6. If the attack is against Hal Jordan, it not only does damage, but "Incapacitates" as well.

Sunday, September 03, 2006

New Lurch of the Poisoned Mind

HELP! I think I've been .... been poisoned!!!!

So there I was, innocently leafing through my copy of Wizard, because (1) as a comic book store owner I'm expected to read it (2) it helps me keep current on publishers whose work I don't read (3) subscribing is the only way to get certain limited edition Heroclix figures (sigh).

And I find myself reading the previews pages of and article about the upcoming Mighty Avengers series by Brian Michael Bendis, and I turn to the dog (easy to do, since he's always within a 3 foot radius) and said,

"Well, sweetie-face, that sounds like fun; I'm going to have to pick that up."

When I heard the words come out of my mouth I dashed to the bathroom mirror and stared at myself, "It's ... it's my face, but it isn't me! There's someone else behind my face!!!" I splashed it with agua fria, then Aqua Velva, hoping to exorcise the demon it was hiding.

All in vain! I still found myself intrigued by this "Mighty Avengers" group...

Ms. Marvel and Sentry; what a cute couple! What simple, iconic costumes! Ares-- hmm, I'm bet he's hot without that helmet.

Black Widow
; wow, it's a chick with a giant gun! Is she Montoya's ex, too? Did she escape from an Indy book? Shot her way out, I bet...

This polite and witty "Iron Man" person, who chats with his armor as a Green Lantern does with his ring. The Wasp ... okay, well, she just seems like another one of Marvel's myriad bug people. But hunkalicious Wonder Man with his fabulous metrosexual outfit? Why, he almost looks like a DC character (like if Mr. Terrific had a gay white cousin). He certainly has me wondering.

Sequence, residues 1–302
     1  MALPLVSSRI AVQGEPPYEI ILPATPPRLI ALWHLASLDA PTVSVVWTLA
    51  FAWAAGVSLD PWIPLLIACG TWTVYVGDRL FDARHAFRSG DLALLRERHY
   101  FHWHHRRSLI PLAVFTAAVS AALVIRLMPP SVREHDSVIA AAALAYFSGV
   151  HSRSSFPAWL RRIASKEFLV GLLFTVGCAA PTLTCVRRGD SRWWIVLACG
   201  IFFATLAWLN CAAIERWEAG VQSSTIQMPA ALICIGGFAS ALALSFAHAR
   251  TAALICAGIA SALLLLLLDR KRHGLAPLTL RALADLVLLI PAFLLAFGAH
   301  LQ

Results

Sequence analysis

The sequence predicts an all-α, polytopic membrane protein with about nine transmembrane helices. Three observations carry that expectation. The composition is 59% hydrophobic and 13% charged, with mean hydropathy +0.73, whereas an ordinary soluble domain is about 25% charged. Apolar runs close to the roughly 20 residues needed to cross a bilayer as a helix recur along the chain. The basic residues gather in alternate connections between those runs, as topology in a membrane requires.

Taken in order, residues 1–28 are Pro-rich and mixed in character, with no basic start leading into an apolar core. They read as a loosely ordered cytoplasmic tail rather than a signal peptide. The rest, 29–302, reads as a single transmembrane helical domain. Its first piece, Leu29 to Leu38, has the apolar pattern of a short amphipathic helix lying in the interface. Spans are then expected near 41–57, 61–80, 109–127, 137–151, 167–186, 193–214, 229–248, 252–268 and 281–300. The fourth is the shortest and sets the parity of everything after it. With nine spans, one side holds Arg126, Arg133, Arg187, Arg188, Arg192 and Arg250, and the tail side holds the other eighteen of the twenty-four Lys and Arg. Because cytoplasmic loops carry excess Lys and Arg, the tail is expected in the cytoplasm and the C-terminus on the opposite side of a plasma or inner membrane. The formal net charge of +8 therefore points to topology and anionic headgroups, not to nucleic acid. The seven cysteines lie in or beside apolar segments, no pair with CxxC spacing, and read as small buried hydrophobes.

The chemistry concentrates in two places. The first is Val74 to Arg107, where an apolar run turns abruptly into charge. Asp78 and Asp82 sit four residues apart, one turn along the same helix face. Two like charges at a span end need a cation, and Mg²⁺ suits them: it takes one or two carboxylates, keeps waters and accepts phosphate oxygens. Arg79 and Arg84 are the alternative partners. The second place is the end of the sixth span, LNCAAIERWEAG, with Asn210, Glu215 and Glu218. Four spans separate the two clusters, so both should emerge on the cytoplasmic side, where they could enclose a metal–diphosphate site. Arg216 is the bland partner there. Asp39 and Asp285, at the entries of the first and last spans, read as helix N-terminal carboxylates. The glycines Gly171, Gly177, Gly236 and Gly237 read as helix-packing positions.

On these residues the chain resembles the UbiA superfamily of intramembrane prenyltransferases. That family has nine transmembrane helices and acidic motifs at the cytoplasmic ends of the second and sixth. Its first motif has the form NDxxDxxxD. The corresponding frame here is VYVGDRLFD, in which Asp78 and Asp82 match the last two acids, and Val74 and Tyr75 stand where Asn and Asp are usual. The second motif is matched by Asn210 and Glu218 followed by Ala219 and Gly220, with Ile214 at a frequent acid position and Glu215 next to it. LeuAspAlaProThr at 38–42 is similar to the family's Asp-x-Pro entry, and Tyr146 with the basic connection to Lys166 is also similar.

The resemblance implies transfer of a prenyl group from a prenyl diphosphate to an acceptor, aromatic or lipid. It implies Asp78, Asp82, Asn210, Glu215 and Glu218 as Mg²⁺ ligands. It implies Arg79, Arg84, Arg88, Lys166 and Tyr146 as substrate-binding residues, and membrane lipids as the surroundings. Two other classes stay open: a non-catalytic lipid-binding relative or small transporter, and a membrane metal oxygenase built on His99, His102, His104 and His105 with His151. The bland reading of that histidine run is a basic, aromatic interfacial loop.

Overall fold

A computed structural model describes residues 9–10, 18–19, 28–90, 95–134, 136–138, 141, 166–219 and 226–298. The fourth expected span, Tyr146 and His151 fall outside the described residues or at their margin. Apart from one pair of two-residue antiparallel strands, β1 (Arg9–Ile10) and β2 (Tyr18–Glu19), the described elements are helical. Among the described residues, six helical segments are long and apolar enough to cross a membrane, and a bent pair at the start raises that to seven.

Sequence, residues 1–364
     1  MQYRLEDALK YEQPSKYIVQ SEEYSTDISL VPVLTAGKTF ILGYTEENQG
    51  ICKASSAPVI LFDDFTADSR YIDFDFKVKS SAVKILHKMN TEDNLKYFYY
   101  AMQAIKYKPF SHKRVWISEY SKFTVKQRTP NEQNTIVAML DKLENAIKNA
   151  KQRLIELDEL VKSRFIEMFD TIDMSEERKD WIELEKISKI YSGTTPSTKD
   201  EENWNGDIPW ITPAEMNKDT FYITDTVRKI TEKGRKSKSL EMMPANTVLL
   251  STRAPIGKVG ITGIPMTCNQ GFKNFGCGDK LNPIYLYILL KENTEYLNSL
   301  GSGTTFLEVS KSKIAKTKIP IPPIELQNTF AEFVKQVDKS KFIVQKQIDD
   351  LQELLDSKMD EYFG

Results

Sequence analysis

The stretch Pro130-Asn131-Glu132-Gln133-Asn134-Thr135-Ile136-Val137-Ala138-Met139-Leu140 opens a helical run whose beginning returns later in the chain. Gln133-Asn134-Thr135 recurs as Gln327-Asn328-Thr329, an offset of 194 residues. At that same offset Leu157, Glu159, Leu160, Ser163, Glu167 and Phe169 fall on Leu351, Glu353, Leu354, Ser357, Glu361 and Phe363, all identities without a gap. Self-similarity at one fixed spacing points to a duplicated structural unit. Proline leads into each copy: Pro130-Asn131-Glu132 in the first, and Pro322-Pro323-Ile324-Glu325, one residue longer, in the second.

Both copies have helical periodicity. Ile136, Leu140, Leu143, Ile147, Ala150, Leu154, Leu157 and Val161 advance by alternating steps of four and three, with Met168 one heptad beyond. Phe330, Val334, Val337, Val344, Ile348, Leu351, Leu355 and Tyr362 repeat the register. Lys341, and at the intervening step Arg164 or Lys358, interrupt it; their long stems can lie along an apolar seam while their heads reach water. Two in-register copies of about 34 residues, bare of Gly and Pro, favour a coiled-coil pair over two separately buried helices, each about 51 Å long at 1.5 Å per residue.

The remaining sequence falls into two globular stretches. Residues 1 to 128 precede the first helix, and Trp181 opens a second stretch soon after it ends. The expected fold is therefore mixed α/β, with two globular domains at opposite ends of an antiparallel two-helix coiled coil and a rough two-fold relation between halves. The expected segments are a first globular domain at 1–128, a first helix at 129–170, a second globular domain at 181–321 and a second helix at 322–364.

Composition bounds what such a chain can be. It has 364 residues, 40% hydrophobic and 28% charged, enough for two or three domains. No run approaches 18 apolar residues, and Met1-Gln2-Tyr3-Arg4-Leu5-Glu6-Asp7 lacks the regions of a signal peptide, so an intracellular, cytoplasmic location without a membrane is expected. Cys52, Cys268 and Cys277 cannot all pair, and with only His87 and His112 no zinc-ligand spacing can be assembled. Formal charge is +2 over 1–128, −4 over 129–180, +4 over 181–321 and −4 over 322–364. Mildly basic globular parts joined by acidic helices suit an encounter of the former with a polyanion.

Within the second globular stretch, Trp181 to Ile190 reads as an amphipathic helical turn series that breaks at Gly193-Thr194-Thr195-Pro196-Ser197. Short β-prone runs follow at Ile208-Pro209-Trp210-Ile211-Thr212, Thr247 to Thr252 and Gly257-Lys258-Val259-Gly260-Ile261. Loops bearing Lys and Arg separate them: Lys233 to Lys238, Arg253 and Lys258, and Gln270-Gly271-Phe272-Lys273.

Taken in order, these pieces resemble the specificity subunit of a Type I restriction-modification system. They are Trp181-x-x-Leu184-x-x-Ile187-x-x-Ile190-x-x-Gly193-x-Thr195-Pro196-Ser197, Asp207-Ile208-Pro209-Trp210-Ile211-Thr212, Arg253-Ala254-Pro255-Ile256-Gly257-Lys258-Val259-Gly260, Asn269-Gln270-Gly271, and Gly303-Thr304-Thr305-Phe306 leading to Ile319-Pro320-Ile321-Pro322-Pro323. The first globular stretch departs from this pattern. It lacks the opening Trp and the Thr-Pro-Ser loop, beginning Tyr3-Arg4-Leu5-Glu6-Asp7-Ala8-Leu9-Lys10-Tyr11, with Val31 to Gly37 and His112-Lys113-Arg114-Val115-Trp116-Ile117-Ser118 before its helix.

They even seemed to have a good balance of powers and personalities. They sort of reminded me of the JLA or the Legion. Except, you know... inefficient.

The most Marvelly things about it were the snappy patter, which was a rather a dollop snappier than was appropriate for the situation; I blame Joss Whedon. And, of course, they weren't fighting some singular Villain Whose Name Ends in "O", like a decent supergroup should. Sadly, they were fighting yer basic Marvel BUMWUPs (Big Ugly Monsters With Unlikely Physiogonomy). I guess the GOMVARs (Giant Open-Mouthed Vaguely Aztec Robots) were busy.

It still seemed kind of .... fun.

For the love of god, Montressor, what has happened to me? I'm not supposed to like anything ... "Marvel". And no one is supposed to like anything Brian Michael Bendis.

Is it Stan Lee? Did he infect me with a Marvel meme, digitally transmitted via "Who Wants To Be A Zoopuh-heerow?"? Is it some vicious cosmic karma for dissing Marvel so much? Or have the scales tipped, and, after decades of DC succumbing to self-Marvelization that it's now rejecting, has Marvel contracted "DC Disease" enough to put out a major title that even--

even I--

would like?

P.S. Yeah, buddy, I call the dog "sweetie face" sometimes...

Can you blame me?